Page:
Hawke’s Bay villages remain without reprieve

Locals struggle without access to water, electricity, education

RAZZAk ABRO June 23, 2021
Womenfolk collect water from a pond near a village close to the Hawke’s Bay beach owing to absence of water pipeline. PHOTO: EXPRESS


The coastal belt of Hawke’s Bay has been a popular recreational spot for picknickers for the past many decades. Summer evenings are particularly abuzz, with thousands of holidaymakers thronging to the sea front every weekend, to enjoy the cool breeze of the Arabian Sea and escape Karachi’s otherwise sweltering heat.

However, where the bay continues to be a paradise for its visitors, each day is a new nightmare for those who live here; still deprived of access to drinking water, electricity and other necessities.

Ali Bhand is a local fisherman who lives in a mud house in Budhni Goth - one out of the 30 smaller villages scattered along the greater Hawke’s Bay area, where access to clean drinking water is a daily struggle. “We do not have electricity, but the few who can afford still make do with solar panels. But water is a necessity without which sustaining life is not possible. So our women and children have to journey several kilometres on foot every day, just to fetch a pale of water for the family,” said the fisherman, speaking to The Express Tribune.

Thirst often takes the villagers to ponds fed by water from surrounds hills and hillocks, not too far from the border of the neighbouring Balochistan province.

10-year-old Shaman and his sisters, come to the pond almost every other day from their house in nearby Haju Ghulam Goth. He often steals a few moments to take a quick dip into the pond while his sisters are busy filling the pales they carried here on their donkey cart. The donkey too is let off its reins to quench its thirst from the same pond. “The ponds give us life. Everyone in the nearby villages depends on them for drinking water; even the animals,” said Shaman, before playfully diving into the shallow waters.

Smaller ponds however, dry out after a short period. This, for Shaman and his sisters will mean a much longer journey in their quest of potable water.

According to former Gabo Pat union council vice chairperson Muhammad Ali Bhand, the Sindh government has formally developed some of the natural ponds as dams by erecting wall where required. “These water reservoirs store rainwater as per their capacity. However, these are not enough, as small reservoirs dry out in short time,” said Bhand, pointing out three to four spots where rainwater is stored in the area.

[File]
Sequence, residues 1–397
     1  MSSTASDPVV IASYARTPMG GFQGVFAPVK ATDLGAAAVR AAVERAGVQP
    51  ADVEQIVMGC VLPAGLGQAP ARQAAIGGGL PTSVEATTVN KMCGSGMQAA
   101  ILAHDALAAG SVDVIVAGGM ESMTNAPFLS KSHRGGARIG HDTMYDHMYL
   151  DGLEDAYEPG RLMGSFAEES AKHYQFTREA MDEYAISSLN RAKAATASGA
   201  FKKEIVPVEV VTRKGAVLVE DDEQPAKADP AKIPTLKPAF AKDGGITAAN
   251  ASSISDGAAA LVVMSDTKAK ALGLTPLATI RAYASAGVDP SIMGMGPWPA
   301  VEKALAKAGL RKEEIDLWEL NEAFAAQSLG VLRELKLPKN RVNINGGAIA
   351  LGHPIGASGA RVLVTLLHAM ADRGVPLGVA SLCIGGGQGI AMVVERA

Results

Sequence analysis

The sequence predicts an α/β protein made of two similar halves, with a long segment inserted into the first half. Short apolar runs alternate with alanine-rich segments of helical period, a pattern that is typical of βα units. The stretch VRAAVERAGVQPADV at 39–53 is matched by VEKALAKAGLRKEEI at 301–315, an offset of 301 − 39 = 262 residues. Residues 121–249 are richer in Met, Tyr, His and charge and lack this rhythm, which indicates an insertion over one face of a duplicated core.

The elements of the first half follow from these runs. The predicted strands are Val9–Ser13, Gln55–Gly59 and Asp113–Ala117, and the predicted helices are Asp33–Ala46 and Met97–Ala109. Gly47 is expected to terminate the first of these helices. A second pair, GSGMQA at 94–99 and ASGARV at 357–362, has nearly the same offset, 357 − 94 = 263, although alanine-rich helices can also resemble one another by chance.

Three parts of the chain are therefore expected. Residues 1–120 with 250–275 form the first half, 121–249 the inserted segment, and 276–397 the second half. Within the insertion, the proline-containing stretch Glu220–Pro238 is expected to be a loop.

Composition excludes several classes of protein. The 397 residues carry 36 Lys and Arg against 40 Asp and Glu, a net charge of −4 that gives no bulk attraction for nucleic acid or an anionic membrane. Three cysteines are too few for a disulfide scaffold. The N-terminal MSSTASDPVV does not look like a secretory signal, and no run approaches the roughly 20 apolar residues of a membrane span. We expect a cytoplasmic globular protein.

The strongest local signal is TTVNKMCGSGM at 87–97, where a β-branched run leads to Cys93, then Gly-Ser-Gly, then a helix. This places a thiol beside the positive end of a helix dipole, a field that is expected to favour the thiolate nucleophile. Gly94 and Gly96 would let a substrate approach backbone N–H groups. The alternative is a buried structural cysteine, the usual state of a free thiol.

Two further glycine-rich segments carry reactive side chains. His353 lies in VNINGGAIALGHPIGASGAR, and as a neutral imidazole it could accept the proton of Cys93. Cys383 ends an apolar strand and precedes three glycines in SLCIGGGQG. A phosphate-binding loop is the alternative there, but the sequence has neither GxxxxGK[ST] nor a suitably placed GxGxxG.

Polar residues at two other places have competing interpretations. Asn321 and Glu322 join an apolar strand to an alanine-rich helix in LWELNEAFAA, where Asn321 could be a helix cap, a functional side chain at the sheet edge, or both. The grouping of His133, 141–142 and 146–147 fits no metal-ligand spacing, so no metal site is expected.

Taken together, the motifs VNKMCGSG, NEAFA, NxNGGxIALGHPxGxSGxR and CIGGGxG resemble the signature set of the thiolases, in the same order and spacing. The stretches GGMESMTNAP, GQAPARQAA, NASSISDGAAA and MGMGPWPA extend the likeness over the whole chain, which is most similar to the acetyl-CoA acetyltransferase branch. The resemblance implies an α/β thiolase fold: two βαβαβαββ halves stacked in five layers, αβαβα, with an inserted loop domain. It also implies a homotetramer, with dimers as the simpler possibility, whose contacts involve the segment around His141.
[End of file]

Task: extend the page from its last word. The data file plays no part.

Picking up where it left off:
A nine-year-old water reservoir in Darya Khan Goth, inaugurated in 2012 by then minister for katchi abadis Nadeem Ahmed Bhutto, had reportedly dried out not too long ago. However, there was also a well near the reservoir, which has since continued to cater to the water needs of surrounding villages. “This single well feeds at least five nearby villages, as well as their camels that drink from here. People carry buckets of water to their homes every day,” said the well’s caretaker, Allahdad Bhand.

Poverty is another pertinent issue in the area, where a majority of the local population has next to negligible chances of upward social mobility.

Abdul Rehman is local fisherman from Manjhar. His main source of income, like others in the region, is fishing. “Life is hard here and everyone survives on the bare minimum. But months from May to August are the worst for fishermen like us as we cannot go into the sea,” he told.

During this period, children from surrounding villages can be seen camped on both sides of the road leading to Mubarak Village; waiting for picknickers to beg from.

“We don’t go to school, because we don’t have any schools here,” said 13-year old Akbar, who like other children from the villages, has never received any formal education. “People here go to religious seminaries instead,” he added.

Hawke’s Bay locals alleged that some villages in the area do have school buildings, but none are functional and rather remain hallow edifices gathering dust. In this regard, the former Gabo Pat UC vice chairperson said that the matter has been conveyed to the relevant authorities of the educational department several times. “The schools however still remain nonfunctional, which shows that our pleas have fallen on deaf ears,” he told The Express Tribune.

Published in The Express Tribune, June 23rd, 2021.